Fin­land’s Yotto has global per­spec­tive


The Georgia Straight - - MUSIC - By

EUROPE HAS long been known as the world cen­tre of dance mu­sic. Firmly em­bed­ded in the cul­ture of cities and towns like Ber­lin, Lon­don, and Ibiza, elec­tronic records have been a main­stay on ra­dio sta­tions since the ’80s.

Over the past 10 years, how­ever, North Amer­ica’s EDM boom has cre­ated its own cul­tural iden­tity—one that, ac­cord­ing to Fin­nish DJ and pro­ducer Yotto, has its own unique ben­e­fits.

“In North Amer­ica, it’s ob­vi­ously in a very good place right now,” he tells the Straight on the line from a Philadel­phia tour stop. “It re­ally blew up there a decade ago, with the boom around the big fes­ti­vals and ev­ery­thing that came with it. It’s turned into a big busi­ness. I think that’s a great thing, be­cause ev­ery­thing is so pro­fes­sional. And peo­ple lis­ten to all types of mu­sic— they don’t dif­fer­en­ti­ate. You have kids that go to a techno party, and the same peo­ple might go to a dub­step show. That’s not very com­mon in Europe, and these places where dance mu­sic has been around for longer. In North Amer­ica it’s al­ways seemed to be like that—that ev­ery­one works to­gether a bit more.”

The artist has an au­thor­i­ta­tive take on the global ecosys­tem. First ex­pe­ri­enc­ing elec­tronic mu­sic af­ter pick­ing up records from the Fin­nish pub­lic li­brary sys­tem and now signed to U.K. deep house la­bel An­ju­nadeep, the pro­ducer—born Otto Ylipert­tula—has been play­ing around the world since 2015 and is a reg­u­lar in renowned in­ter­na­tional clubs. His lat­est set of dates show­cases his first full-length re­lease, a 13-track col­lec­tion named Hyper­fall, that Ylipert­tula re­leased in Septem­ber this year.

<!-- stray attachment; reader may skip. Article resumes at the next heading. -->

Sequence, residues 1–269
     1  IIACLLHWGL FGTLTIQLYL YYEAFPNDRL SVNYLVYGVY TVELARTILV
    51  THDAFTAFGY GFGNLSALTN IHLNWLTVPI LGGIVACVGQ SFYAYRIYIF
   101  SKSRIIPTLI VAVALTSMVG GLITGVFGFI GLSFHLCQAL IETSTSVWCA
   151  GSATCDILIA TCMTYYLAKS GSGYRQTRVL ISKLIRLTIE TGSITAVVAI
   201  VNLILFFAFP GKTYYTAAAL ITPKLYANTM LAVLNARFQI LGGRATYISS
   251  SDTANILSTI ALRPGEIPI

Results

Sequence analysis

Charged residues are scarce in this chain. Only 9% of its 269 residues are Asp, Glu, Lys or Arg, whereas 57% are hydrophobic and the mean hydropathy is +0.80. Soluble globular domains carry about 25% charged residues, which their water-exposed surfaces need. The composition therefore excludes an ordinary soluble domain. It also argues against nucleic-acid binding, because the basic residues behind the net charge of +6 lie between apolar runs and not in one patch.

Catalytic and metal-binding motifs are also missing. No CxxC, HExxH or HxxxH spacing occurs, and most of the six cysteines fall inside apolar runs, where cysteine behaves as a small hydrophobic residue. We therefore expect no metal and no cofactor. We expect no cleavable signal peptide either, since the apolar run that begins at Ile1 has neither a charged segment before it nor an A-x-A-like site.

“I felt that I wanted to put out an al­bum be­cause an al­bum can do some­thing a bit dif­fer­ent from the club sin­gles mixes that I keep re­leas­ing,” he says. “So I had these huge tracks that I re­ally liked that didn’t make sense as sin­gles. It came to­gether quite fast. I built it like a DJ set would be, so that it had some sort of flow. At the be­gin­ning, there are a cou­ple of tracks that I can never play out when I’m Djing. And then there’s ‘Nada C’, which leads to a more chilled-out, deeper mid­sec­tion, and then it takes off to­wards the end a bit more with big tracks, and stays up.”

The typ­i­cal Yotto sound—mus­cu­lar, 120-bpm bass lines with stac­cato melodies—un­der­scores ev­ery track on the record, with the pro­ducer us­ing those el­e­ments to craft songs that range from dark un­der­ground bangers to more com­mer­cial EDM pop. Con­scious that ticket-buy­ers are keen to ex­pe­ri­ence those of­fer­ings live, Ylipert­tula has cho­sen to con­struct this tour’s sets around the al­bum’s mul­ti­ple moods.

“I have to de­lib­er­ately play as much of my own mu­sic as I can, be­cause that’s usu­ally what peo­ple want to see—es­pe­cially on an al­bum tour,” he says. “But there’s just so much good new mu­sic out on a weekly ba­sis. It’s crazy. I go through pro­mos and new mu­sic ev­ery day. And then when I’m on-stage, I have five brand­new tracks I want to play, and have to work out where to fit them in. I al­ways build a set around my own tracks, try­ing to make sure they ac­tu­ally stand out, and then I use oth­ers as tran­si­tions, as func­tional tools. It’s a balanc­ing act.”

Kate Wil­son

Yotto has been play­ing in­ter­na­tion­ally since 2015.

Newspapers in English

Newspapers from Canada

© PressReader. All rights reserved.